AI not a ‘job killer’?
Written by Mark Evans
AI is going to threaten existing jobs – the question is to what degree. Some estimates have been placing the figure at near half, but the OECD has published a paper that places the number far lower.
Automation, Skills Use and Training by Ljubica Nedelkoska and Glenda Quintini estimates that almost one in two jobs are likely to be significantly affected by automation, with 14 per cent of jobs in OECD countries having a probability of automation of over 70 per cent.
This is till equivalent to over 66 million workers in the 32 countries covered by the study, and there is considerable variance across countries with 33 per cent of all jobs in Slovakia highly automatable, while, at the other extreme, only 6 per cent in Norway. Jobs in Anglo-Saxon, Nordic countries and the Netherlands are generally less automatable than jobs in Eastern European countries, South European countries, Germany, Chile and Japan.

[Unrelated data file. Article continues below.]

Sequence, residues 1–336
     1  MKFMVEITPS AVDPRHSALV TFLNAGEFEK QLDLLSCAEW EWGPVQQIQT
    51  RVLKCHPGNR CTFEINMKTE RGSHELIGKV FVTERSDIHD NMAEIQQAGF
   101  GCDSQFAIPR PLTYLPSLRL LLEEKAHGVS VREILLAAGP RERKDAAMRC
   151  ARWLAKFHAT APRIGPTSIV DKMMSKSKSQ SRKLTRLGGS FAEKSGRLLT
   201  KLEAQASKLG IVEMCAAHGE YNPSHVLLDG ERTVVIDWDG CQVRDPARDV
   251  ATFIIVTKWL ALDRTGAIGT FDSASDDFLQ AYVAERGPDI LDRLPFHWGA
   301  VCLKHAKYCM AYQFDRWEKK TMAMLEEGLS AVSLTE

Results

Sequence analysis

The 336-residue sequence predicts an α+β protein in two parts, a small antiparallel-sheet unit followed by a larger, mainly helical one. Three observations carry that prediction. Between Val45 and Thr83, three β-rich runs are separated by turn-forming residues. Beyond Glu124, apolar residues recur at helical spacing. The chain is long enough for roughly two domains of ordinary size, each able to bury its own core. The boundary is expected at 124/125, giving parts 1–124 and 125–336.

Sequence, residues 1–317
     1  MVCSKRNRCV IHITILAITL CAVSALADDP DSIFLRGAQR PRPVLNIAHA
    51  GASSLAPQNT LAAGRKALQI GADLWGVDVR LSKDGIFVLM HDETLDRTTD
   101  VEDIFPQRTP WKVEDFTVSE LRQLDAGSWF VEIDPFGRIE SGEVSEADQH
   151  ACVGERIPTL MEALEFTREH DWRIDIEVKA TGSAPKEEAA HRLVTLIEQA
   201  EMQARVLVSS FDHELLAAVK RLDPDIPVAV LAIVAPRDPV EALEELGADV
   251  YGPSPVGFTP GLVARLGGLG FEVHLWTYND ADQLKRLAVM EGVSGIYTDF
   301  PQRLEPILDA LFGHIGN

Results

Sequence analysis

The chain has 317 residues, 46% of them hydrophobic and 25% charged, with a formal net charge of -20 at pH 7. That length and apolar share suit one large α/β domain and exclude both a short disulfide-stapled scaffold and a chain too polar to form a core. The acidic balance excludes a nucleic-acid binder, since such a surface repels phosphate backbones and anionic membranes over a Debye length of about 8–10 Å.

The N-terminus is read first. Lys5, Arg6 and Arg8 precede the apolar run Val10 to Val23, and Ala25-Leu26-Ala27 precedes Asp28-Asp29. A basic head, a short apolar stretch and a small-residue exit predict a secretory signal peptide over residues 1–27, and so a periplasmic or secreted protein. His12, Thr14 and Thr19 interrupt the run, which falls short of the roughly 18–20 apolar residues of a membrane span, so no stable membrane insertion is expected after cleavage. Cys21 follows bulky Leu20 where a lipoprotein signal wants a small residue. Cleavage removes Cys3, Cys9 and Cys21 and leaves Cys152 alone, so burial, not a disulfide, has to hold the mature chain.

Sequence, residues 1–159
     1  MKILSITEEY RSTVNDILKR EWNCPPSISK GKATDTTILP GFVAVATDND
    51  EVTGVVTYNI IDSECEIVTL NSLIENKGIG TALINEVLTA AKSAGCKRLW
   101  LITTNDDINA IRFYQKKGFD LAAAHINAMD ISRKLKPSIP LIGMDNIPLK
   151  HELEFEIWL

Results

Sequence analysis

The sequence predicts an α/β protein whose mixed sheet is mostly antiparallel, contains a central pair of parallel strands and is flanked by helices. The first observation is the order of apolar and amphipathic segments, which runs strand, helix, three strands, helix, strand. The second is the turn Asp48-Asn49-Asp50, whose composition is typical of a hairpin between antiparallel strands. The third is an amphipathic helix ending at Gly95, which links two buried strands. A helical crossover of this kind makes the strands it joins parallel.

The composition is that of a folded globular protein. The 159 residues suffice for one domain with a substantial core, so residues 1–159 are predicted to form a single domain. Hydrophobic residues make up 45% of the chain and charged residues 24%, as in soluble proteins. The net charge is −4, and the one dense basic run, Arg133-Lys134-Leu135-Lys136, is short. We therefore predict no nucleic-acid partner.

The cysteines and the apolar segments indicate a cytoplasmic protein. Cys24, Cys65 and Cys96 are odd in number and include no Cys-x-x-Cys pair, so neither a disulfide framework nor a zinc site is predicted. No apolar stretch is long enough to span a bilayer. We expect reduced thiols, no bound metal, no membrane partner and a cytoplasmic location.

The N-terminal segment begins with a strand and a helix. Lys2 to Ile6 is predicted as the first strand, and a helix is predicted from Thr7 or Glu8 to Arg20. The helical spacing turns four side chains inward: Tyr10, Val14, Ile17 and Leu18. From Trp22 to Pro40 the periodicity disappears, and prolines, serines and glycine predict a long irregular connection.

The variation between countries is largely a product of the concentration of workers in different economic sectors, for example using data for Germany and the UK tasks such as analytical and social skills have become more common within occupations but occupations that already performed those tasks intensively have also grown in number. On the other hand, in these two countries, the decline in tasks involving physical strength has primarily happened through the reduction in the number of occupations that were intensive in those tasks.
Worryingly for governments, one finding is that the risk of automation is the highest among teenage jobs, so automation is much more likely to result in youth unemployment than in early retirements. Moreover adult learning is seen as a crucial policy instrument for the re-training and up-skilling of workers whose jobs are being affected by technology.